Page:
ALBANY — The Cuomo administration is planning a "controlled rollout" of New York's marijuana marketplace to shield communities from having "a cannabis vendor on every corner," according to an official involved in the planning.

Axel Bernabe, assistant counsel to the governor, said the state is seeking to get feedback from communities that have been the most affected by criminal enforcement of what had been the state's prohibition on marijuana.

In a Zoom meeting with county leaders from across New York, Bernabe acknowledged the state will face challenges as it transitions from the prohibition era to one where marijuana use is viewed as a public health matter, with a five-member Cannabis Control Board that will set the vision for a licensing framework overseeing distributors and retail outlets.

Day-to-day oversight would be provided by the Office of Cannabis Management. It would help to develop what Bernabe called a social and economic equity plan. Its headquarters would be in Albany, with satellite offices in Buffalo and New York City. That agency would also interact with a 13-member Cannabis Advisory Board.

"The tax revenue is earmarked to be reinvested in the communities and the counties and in the localities that have been disproportionately impacted by the criminalization of drugs," Bernabe said. "Those communities are going to be receiving 40% of the money coming in" by way of the taxes on marijuana products.

The Cannabis Advisory Board will make recommendations on the grants that will be awarded to communities and organizations within them.

Allowing the regulated sale of marijuana in New York is expected to yield $350 million annually in revenue. Of that, 40% is to be dedicated to education while another 40% would be funneled into the community grants reinvestment fund assisting communities most affected by prohibition, he said.

The other 20% would flow to drug treatment and a statewide public education campaign.

At the point of sale, a 9% excise tax would be imposed by the state, along with a 4% sales tax that would go to local governments, of which 1% would go to the county.

New York will also have what Bernabe called a "unique tax" at the distribution end. It would be based on the potency of THC, the psychoactive ingredient in cannabis.

The goal, he said, is to "hopefully disincentivize high THC products and incentivize lower THC products," he said.

Bernabe said the state is preparing to have to deal with a segment of marijuana consumers who "have a hard time regulating their consumption." That group is estimated to be about 10% of all users.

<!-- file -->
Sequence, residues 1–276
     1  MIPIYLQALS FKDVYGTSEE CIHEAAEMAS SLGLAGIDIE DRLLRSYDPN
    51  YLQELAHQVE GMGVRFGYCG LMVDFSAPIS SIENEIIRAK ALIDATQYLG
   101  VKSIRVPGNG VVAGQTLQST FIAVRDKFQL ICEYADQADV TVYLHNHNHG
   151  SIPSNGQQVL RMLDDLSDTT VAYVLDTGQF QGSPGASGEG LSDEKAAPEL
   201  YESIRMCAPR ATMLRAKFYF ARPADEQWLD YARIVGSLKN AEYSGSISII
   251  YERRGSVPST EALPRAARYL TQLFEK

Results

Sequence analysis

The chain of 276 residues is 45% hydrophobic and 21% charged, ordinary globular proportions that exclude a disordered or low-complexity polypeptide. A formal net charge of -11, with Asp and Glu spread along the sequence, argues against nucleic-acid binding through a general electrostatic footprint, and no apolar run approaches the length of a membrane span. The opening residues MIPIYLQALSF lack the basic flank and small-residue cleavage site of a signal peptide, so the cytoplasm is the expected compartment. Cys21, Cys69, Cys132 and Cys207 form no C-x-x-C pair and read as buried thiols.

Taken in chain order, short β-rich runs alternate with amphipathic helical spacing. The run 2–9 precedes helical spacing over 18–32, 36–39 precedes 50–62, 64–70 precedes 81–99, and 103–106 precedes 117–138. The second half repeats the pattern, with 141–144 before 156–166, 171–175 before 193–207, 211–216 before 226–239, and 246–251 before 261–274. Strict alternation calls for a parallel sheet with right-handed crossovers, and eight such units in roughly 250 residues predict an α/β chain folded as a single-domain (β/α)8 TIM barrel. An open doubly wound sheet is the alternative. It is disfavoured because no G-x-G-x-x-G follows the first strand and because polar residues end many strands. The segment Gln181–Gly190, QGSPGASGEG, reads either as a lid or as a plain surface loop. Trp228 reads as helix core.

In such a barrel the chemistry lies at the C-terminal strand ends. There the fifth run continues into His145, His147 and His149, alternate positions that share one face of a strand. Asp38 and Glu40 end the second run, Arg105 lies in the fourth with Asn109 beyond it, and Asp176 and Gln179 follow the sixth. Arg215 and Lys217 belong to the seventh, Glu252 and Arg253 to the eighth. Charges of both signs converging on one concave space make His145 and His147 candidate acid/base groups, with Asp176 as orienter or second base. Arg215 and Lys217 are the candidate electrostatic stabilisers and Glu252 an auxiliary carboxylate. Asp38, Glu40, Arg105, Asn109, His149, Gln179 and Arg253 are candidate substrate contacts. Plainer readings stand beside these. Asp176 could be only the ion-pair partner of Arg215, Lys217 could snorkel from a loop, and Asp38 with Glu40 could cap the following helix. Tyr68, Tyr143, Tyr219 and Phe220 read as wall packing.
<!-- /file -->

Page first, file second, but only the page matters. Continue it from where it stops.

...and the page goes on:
"Those are the folks we want to get to and help," he said. "Rather than incarcerate them, we want to get them back on track with jobs and to have community support."

The legislation envisions grants going to community-based nonprofit organizations as well as to "approved local government entities." The latter category, Bernabe said, could include county social services departments as well as county health departments.

While it is expected the state managers of the cannabis program will keep town, village and city governments abreast of license applications, Stephen Acquario, the director of the New York State Association of Counties, said it would be appropriate to ensure that counties are also in the loop on such matters.

"In fact, the county should be approached as well and notified," said Acquario. Counties now provide many of the public services that could be affected by marijuana legalization, including mental health counseling, social services and sheriff's departments.

Acquario said it would be prudent for county officials to review their personnel policies as they pertain to substance use. He said counties are also expected to play a role in designing "reasonable" rules regulating home cultivation of marijuana.

The new state law will allow individuals at least 21 years of age to have up to three immature plants and three mature ones. The law also allows the possession of three ounces of marijuana and 24 grams of cannabis concentrate.

Joe Mahoney covers the New York Statehouse for CNHI’s newspapers and websites. Reach him at

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